Tag Archives: work

The Classic Pamela Positive: Keep Your Balance

 

I think one key point in life is to maintain balance — balance between time for work, time for loved ones, time for oneself, time for interests outside of one’s business. It’s so important to keep that balance, or we’ll simply burn-out.

 

 

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I remember once when I was young in my career, and meeting with a fairly older, single woman. She was a successful venture capitalist. But I don’t know that I would consider her life successful. She traveled the world incessantly and was on every important board. But she seemed tired and joy was scarce. She told me to “Pack it all in.”

I didn’t. I kept my balance. I started a nonprofit and I did creative improv. I took care of my very young nephews and nieces. I loved life and I loved the people in my life.

 

 

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We need to be renewed. We need to feel honored as whole, functioning people with families, outside interests, balanced lives, as well as our commitment to achieving the goals and vision of the organizations we run. The beauty of this balance is that I come back energized to UniversalGiving™. My mind has had “time off” and is thrilled to re-engage with our efforts to serve. I look at challenges in a new light. My energy is renewed. I bring new skills to the table; my thoughts are stronger and more helpful. It’s better for me–and for my organization.

 

 

The Classic Pamela Positive: “Find The People Who Can Make You A Better Person.” – Ted Danson

 

             “My philosophy is, don’t hang on to whatever degree of success or celebrity you have,” he explains. “Find the smartest people you can and work with them, even if it means taking a smaller role. Get lost in something that inspires you. Find the people who can make you a better person. That’s how you stay fresh.”

– Ted Danson

 

 

How true is this. You always want to find great people with whom to work! Then you excel, soar, float and can contribute to the world even more strongly.

 

Did you know that people who love what they do are 50% more likely to report being rated as meeting or exceeding expectations at work?1 And it follows that people who work around likeminded people with similar values are more likely to stay.  You have work you love, and people that you love.  A great (and sometimes rare) combination!

 

 

 

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Looking for it? Match up with a good-hearted, values-based team, doing something that you love. Then, identify organizations doing something you love.  Or, you can donor vice versa!  With both in mind, at some point, both will fall into place.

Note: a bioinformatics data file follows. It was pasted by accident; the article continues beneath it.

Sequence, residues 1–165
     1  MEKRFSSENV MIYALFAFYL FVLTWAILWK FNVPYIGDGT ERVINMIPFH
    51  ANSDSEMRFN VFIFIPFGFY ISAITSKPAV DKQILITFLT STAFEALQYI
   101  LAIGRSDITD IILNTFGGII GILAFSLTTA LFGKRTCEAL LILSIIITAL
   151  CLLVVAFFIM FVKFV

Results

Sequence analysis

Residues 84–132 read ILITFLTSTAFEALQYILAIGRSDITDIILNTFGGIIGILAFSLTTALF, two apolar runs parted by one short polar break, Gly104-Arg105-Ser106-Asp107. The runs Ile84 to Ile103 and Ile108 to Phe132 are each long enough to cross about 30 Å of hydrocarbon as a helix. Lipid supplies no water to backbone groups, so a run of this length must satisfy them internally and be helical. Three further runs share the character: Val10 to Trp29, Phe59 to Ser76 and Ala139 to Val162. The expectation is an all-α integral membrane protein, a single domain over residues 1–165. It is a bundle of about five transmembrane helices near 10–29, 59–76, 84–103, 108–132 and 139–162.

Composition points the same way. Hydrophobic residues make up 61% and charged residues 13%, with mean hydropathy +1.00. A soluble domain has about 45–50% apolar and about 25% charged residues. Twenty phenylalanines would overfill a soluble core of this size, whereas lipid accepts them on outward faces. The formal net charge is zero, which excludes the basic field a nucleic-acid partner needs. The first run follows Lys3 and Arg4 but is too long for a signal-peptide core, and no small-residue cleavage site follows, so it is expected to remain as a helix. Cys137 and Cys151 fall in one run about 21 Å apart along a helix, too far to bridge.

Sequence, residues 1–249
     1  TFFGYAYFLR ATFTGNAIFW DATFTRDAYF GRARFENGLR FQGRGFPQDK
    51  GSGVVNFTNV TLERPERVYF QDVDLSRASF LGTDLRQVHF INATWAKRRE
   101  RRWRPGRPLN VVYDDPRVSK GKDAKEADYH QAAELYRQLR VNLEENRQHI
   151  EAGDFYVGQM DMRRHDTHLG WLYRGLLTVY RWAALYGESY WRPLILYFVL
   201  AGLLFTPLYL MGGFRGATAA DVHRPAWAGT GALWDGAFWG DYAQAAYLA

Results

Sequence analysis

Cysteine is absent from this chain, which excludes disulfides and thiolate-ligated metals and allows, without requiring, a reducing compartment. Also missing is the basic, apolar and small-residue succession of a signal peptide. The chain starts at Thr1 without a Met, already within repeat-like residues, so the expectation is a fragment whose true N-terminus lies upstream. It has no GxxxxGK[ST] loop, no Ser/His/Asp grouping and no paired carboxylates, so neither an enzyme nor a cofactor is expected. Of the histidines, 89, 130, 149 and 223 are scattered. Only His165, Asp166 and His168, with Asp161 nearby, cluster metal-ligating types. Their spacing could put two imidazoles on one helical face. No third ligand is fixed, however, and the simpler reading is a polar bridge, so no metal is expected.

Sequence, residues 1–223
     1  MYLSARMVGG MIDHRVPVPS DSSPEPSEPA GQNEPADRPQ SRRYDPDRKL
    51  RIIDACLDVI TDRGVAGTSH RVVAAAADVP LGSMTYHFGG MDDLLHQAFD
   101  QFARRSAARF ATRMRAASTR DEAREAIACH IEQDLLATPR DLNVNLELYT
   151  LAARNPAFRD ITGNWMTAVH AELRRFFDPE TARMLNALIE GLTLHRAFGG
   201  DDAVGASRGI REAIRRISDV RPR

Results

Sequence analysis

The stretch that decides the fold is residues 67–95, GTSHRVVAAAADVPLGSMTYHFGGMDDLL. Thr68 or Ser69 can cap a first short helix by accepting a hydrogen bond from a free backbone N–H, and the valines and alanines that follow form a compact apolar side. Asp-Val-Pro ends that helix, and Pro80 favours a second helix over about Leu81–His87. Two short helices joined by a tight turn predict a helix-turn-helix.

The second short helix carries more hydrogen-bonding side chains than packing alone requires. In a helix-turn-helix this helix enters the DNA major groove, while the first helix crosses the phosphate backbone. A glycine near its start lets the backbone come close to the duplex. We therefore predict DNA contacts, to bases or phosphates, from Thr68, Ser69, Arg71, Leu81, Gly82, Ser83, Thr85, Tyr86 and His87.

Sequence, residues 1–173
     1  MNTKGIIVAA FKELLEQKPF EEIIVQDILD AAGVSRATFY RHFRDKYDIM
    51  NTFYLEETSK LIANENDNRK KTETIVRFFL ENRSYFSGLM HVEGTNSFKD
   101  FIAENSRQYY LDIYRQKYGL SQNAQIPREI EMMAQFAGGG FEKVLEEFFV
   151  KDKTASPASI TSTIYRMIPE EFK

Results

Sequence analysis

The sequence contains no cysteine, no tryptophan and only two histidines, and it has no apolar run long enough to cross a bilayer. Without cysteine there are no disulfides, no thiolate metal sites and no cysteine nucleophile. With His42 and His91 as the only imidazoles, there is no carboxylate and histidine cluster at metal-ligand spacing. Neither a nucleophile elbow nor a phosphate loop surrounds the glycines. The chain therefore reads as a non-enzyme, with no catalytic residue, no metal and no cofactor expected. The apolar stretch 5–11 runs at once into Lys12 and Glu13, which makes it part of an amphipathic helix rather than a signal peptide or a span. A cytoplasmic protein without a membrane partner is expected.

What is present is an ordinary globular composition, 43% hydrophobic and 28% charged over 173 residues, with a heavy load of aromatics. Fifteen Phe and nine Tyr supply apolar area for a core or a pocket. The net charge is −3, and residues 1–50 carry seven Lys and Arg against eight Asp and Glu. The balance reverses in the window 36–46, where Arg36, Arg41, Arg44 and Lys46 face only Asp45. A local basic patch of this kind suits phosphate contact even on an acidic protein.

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You’ll learn, grow, and ascend. You will make the world better.

Plus it’s so much more fun!

Live With Great People

Everyday,

Pamela

 

 


 

 

Ted Danson, born Edward Bridge Danson, is an American actor who first became well known for his character Sam Malone on the hit sitcom, Cheers. He’s also starred on CBS’s CSI, HBO’s Curb Your Enthusiasm, and NBC’s The Good Place. Throughout his career, he’s won two Emmy’s, three Golden Globe Awards, and many more accolades. Outside of his acting career, Mr. Danson also is an environmentalist and released his book Oceana: Our Endangered Oceans and What We Can Do to Save Them in 2011. His father was an anthropology and director of a Native American museum, which led to Ted’s love of nature. Since then, he’s also helped found the American Oceans Campaign, which is now known as Oceana. He’s married to Mary Steenburger, and has two children.

 

Citations:
Hagel, John; Seely Brown, John; Ranjan, Alok; and Byler, Daniel, “Passion at Work”, Deloitte Insights, October 2014, https://www2.deloitte.com/insights/us/en/topics/talent/worker-passion-employee-behavior.html
Fig. 1: Photo by Priscilla Du Preez on Unsplash
Fig. 2: Photo by Rawpixel on Unsplash

The Classic Pamela Positive: “Love Many, Trust a Few, And Always Paddle Your Own Canoe”

 

“Love Many, Trust a Few, And Always Paddle Your Own Canoe”

 

–Terri, from Coudersport, PA, as seen on Dark Chocolate Dove Wrapper

 

Terri has it right. What a joy to enjoy dark chocolate, which I love, with a truly inspired quote.